“In Our Culture, Poets Have More Power than Politicians”: The Lives, Deaths and Legacies of Cheb Hasni and Lounès Matoub

Stephen Wilford

Abstract


This article examines the lives, deaths and legacies of two of the most popular Algerian musicians of the 1990s: “Cheb” Hasni Chakroun and Lounès Matoub. Both were killed at the height of their fame, as a result of the violence produced by the socio-political unrest and civil war in their country. Here, the ways in which these musicians engaged with political discourses are addressed, as well as the controversies that surrounded their subsequent killings. Furthermore, there is a consideration of their ensuing mythologization and place within collective memories of 1990s Algeria, as respected popular musicians, as cultural martyrs and as victims of circumstance. Finally, an assessment is made of their legacies within enduring discourses of political conspiracy, showing how the suspicions of Algerians with regards to their killings enable engagement with contemporary Algerian politics.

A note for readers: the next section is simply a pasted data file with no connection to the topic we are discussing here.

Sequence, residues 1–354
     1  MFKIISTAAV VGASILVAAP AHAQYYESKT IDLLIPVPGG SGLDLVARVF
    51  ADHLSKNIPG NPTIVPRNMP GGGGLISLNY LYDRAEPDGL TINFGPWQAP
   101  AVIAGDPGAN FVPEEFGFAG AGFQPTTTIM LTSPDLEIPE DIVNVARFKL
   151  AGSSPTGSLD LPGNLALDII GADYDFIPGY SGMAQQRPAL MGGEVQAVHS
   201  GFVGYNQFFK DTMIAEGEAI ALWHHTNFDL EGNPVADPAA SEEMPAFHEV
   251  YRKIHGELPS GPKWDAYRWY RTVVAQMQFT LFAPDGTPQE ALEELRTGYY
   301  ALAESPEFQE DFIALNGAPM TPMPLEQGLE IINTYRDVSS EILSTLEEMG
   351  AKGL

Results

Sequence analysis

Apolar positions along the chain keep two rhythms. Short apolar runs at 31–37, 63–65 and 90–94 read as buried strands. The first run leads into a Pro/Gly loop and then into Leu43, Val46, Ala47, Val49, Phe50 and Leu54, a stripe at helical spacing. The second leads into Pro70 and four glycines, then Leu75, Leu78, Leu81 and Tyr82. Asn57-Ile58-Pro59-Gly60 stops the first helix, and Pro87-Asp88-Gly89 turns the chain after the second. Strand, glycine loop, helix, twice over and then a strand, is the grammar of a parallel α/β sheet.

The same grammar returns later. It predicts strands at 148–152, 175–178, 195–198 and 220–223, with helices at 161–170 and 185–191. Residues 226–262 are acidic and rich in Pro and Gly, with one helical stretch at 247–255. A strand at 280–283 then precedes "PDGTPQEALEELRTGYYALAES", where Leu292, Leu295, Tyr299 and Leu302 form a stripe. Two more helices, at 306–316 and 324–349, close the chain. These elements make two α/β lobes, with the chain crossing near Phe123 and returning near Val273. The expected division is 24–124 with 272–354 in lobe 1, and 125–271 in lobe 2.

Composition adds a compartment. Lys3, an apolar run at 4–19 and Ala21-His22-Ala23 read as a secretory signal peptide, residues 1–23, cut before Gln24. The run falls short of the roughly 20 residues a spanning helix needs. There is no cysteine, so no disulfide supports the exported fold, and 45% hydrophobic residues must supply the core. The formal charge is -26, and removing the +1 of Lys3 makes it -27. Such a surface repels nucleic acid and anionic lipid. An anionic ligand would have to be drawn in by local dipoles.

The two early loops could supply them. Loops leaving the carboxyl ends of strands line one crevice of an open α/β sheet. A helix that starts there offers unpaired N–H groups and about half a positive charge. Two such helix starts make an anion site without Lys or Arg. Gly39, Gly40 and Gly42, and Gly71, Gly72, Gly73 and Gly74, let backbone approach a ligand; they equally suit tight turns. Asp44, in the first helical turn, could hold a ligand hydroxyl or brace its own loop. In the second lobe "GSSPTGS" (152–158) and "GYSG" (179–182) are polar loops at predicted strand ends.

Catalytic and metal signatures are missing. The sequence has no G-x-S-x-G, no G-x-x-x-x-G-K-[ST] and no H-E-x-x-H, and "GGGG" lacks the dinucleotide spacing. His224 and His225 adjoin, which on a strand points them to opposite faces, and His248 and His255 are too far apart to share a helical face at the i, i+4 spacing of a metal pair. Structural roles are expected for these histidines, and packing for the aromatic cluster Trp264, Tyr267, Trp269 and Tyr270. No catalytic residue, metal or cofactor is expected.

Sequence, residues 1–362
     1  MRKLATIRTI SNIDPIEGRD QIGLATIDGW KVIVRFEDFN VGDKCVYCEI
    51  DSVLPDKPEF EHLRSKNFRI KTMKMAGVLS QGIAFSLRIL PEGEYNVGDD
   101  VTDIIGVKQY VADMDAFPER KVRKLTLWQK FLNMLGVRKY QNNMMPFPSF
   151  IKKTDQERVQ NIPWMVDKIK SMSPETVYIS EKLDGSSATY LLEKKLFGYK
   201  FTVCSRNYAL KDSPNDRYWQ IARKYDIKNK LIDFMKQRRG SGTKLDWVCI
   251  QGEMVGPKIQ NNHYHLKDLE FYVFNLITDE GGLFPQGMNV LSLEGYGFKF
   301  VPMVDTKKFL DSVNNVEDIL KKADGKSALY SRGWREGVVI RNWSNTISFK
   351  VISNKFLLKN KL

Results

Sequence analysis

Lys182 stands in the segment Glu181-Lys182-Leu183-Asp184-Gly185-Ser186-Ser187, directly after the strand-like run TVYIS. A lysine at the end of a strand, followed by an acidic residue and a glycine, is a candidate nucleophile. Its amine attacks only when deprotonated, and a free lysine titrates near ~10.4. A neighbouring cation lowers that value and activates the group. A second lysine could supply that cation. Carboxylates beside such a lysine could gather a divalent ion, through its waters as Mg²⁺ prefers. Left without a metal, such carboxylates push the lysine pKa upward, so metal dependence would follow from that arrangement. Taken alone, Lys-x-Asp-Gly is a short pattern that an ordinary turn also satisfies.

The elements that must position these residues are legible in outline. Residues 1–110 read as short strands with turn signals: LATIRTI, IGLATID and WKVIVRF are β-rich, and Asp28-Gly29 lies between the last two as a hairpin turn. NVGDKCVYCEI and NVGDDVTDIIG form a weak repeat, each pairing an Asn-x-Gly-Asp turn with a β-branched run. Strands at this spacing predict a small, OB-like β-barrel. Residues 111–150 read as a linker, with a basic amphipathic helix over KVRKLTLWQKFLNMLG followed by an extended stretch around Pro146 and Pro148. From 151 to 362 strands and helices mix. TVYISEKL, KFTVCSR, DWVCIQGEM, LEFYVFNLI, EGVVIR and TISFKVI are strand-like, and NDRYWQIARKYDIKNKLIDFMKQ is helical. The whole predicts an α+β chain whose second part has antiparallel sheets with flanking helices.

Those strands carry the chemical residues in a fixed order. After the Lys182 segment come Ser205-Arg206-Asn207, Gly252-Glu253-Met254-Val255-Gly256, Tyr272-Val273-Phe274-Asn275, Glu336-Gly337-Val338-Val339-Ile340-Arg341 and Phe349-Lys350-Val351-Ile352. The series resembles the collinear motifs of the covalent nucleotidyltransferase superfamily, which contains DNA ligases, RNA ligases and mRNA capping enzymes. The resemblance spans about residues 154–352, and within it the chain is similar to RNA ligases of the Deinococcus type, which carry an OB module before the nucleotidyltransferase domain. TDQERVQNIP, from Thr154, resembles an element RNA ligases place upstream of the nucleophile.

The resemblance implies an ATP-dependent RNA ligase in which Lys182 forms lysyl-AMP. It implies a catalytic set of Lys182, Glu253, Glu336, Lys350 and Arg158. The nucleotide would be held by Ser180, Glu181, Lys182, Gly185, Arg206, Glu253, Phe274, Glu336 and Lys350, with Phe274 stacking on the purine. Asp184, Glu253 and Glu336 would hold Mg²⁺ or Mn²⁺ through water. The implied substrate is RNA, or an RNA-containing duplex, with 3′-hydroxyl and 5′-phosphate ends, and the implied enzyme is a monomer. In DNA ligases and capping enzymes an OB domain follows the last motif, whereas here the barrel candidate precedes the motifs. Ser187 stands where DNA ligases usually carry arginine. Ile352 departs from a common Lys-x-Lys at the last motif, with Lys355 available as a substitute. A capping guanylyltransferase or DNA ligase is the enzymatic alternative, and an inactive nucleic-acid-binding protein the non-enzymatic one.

http://dx.doi.org/10.5429/2079-3871(2015)v5i2.4en

Keywords


Algeria; Kabylia; Cheb Hasni; Lounès Matoub; Memory; Conspiracy theories

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References


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Discography

Cheb Hasni. 1987. Baraka, Recording label unknown.

Idir. 1976. A Vava Inouva, EMI Pathé.

Lounès Matoub –

Ay Izem, D.S. Azwaw.

Lettre Ouverte Aux, Blue Silver.

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Videography

Breaking the Silence. Music in Afghanistan. 2002. Director: Simon Broughton. Songlines Films/MWTV (UK).

Lounés Matoub: Le Grand Manip. 2000. Canal+ (France). Broadcast: 31 October 2000.




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